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Julie Bishop leaves door open to leadership tilt


Former foreign minister Julie Bishop is staying in parliament and has not ruled out vying for the Liberal leadership again in the future.

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The Perth MP, who will sit on the backbench as the member for Curtin, has pointedly refused to rule out returning to a senior position or even the leadership.

“It’s far too early for me to even contemplate what I might do,” Bishop told reporters in Canberra today.

“But I will certainly have plenty of time to consider my options and reflect on what has been an extraordinary time.”

In a surprising twist to last week’s leadership crisis, Bishop has bucked widespread speculation she would immediately leave parliament, “as I have the overwhelming support of my constituents”.

“I’m optimistic about my future, whatever it may hold.”

The 62-year-old launched a failed bid to replace Malcolm Turnbull as prime minister on Friday, being knocked out in the first round of voting for the Liberal leadership.

She quit as foreign minister on Sunday after five years in the job and more than a decade as the Liberals’ deputy leader.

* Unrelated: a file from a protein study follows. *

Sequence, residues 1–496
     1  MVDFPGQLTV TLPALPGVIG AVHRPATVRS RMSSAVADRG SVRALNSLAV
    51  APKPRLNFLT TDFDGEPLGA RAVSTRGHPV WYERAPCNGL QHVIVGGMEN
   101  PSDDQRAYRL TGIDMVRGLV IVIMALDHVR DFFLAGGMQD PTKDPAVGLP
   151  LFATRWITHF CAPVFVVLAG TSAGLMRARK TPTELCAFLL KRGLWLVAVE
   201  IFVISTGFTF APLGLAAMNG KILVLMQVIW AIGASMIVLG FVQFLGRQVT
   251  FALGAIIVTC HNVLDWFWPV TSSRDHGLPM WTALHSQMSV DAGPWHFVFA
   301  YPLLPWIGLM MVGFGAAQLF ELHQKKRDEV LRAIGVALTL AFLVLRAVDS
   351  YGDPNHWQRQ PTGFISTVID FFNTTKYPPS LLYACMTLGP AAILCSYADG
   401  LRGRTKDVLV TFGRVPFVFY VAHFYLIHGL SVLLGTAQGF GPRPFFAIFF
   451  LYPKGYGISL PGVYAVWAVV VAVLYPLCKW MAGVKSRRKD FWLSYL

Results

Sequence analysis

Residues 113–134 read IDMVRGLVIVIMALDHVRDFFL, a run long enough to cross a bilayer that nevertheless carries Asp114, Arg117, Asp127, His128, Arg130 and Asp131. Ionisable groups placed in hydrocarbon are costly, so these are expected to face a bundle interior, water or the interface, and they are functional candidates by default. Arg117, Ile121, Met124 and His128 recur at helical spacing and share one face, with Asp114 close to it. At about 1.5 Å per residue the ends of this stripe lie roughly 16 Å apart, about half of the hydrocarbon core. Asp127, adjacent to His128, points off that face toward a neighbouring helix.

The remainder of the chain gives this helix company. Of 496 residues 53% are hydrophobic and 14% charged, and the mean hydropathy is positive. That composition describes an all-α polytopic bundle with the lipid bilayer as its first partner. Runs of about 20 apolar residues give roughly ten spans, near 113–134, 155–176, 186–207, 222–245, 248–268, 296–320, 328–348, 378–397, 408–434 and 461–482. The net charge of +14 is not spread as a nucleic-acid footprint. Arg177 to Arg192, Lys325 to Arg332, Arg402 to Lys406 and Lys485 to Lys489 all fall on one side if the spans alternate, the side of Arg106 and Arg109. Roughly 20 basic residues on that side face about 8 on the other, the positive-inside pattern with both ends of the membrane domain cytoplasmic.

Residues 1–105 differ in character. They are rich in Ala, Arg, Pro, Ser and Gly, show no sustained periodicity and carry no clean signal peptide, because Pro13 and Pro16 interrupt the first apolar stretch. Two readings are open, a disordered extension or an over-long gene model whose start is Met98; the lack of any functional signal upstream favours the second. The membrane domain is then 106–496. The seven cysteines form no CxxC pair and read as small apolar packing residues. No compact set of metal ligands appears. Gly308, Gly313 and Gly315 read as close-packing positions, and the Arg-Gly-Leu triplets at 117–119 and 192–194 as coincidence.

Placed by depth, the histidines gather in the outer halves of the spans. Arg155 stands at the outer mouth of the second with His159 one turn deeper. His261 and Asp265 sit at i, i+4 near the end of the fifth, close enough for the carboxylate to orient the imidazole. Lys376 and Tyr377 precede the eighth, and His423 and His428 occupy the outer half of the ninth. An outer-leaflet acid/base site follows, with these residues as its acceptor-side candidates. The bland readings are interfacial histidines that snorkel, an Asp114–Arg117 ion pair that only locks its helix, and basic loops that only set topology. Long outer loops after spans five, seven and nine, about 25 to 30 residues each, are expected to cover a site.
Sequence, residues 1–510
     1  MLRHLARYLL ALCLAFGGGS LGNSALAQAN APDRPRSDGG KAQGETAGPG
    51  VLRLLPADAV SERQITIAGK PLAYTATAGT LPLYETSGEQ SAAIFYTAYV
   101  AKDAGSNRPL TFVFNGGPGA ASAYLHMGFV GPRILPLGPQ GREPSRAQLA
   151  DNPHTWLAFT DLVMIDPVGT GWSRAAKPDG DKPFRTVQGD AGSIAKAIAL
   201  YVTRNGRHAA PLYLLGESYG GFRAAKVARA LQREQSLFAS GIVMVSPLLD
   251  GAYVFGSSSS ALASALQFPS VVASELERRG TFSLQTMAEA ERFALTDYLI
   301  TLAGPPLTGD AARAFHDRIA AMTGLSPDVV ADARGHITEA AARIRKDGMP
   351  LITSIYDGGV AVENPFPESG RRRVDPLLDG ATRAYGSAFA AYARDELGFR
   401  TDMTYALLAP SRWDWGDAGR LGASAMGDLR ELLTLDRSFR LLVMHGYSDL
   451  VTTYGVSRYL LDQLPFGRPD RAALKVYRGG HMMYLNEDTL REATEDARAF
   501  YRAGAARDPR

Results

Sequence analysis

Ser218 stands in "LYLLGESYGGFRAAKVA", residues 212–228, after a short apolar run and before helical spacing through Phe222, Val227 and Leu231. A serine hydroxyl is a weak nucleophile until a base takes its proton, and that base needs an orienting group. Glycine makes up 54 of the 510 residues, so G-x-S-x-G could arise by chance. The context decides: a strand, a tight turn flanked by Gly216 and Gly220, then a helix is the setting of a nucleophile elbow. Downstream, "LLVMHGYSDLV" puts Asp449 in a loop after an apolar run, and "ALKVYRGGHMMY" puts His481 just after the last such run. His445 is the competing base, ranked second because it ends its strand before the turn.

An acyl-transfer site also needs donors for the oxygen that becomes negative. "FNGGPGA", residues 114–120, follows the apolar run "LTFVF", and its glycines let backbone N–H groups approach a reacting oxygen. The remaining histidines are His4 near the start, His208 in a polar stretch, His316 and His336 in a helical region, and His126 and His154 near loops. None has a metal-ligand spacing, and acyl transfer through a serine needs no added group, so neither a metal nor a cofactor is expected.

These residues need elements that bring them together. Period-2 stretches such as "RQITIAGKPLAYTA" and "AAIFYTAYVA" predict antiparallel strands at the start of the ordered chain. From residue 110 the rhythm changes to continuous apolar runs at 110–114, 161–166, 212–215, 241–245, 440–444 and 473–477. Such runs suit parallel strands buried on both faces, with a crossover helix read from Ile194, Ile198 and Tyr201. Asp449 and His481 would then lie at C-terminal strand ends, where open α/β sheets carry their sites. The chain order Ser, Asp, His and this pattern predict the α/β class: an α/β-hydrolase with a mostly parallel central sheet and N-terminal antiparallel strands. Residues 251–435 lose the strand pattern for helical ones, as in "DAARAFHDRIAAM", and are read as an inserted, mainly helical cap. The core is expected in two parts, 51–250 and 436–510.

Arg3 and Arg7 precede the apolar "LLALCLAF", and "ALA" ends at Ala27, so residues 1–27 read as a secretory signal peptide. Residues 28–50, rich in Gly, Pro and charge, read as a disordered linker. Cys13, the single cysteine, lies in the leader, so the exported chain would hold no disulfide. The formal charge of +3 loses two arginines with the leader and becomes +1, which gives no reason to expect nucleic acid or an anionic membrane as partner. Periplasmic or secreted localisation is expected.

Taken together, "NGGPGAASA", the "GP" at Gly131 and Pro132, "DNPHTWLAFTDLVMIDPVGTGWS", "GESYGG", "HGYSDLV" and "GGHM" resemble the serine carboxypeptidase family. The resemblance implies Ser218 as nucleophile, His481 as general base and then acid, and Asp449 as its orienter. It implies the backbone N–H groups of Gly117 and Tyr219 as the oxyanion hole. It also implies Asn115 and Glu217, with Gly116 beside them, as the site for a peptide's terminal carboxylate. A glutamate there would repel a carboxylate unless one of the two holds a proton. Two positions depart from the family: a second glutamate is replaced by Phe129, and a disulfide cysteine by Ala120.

Asked if the Liberal Party could bring itself to elect a popular female leader, Bishop said: “When we find one, I’m sure they will”.

Bishop said she wants her successor Marise Payne to pursue justice for the families of the 38 Australians killed when Malaysia Airlines flight MH17 was shot down over Ukraine.

“It was the most emotional moment of my life,” she said.

“I want to ensure that the people for whom we fought do get justice.”

On foreign affairs, Bishop urged Australia to devote a significant part of the country’s aid budget to the Pacific.

“I believe every dollar of foreign aid invested wisely, effectively and efficiently is of benefit to our nation” she said.

She also nominated fighting protectionism, pushing for a strong and prosperous Indo-Pacific region and promoting the rules-based international order among the nation’s other priorities.

Bishop warned against following the lead of some of her conservative colleagues, who want Australia to abandon its Paris Agreement climate change targets.

“Australia has a very high standing as a nation that keeps its commitments and is part of the overall global effort for better outcomes for the world,” she said.

“When we sign a treaty, partners should be able to rely upon us. If we have doubts about it, we should have reservations, and that’s the way smart politicians would operate.”


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